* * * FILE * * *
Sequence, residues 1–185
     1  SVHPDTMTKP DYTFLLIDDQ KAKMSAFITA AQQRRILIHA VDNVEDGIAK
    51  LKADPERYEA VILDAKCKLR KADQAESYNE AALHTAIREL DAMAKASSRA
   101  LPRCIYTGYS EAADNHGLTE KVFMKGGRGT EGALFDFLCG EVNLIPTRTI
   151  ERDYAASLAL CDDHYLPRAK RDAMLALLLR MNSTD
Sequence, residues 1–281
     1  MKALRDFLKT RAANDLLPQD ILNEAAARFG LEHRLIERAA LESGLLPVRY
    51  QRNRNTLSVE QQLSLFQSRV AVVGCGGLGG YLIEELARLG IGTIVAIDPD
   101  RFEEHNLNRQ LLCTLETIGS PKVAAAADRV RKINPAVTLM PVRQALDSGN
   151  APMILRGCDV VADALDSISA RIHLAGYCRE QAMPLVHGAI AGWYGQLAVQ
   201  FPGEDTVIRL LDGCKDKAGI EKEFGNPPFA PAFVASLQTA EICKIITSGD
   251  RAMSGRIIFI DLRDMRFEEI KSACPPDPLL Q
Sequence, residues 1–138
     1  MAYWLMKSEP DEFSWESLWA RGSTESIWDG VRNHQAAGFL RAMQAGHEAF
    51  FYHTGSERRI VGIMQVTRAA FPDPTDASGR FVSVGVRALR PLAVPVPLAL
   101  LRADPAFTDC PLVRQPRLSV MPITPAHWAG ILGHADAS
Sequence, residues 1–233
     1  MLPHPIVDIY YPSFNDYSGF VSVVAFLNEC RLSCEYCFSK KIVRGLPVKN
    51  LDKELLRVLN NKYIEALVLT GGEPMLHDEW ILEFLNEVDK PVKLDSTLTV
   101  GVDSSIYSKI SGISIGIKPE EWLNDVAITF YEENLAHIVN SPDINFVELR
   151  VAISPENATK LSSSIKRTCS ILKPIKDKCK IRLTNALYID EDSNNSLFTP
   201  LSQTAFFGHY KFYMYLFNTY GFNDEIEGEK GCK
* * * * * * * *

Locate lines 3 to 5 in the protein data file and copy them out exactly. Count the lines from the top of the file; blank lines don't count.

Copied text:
    51  LKADPERYEA VILDAKCKLR KADQAESYNE AALHTAIREL DAMAKASSRA
   101  LPRCIYTGYS EAADNHGLTE KVFMKGGRGT EGALFDFLCG EVNLIPTRTI
   151  ERDYAASLAL CDDHYLPRAK RDAMLALLLR MNSTD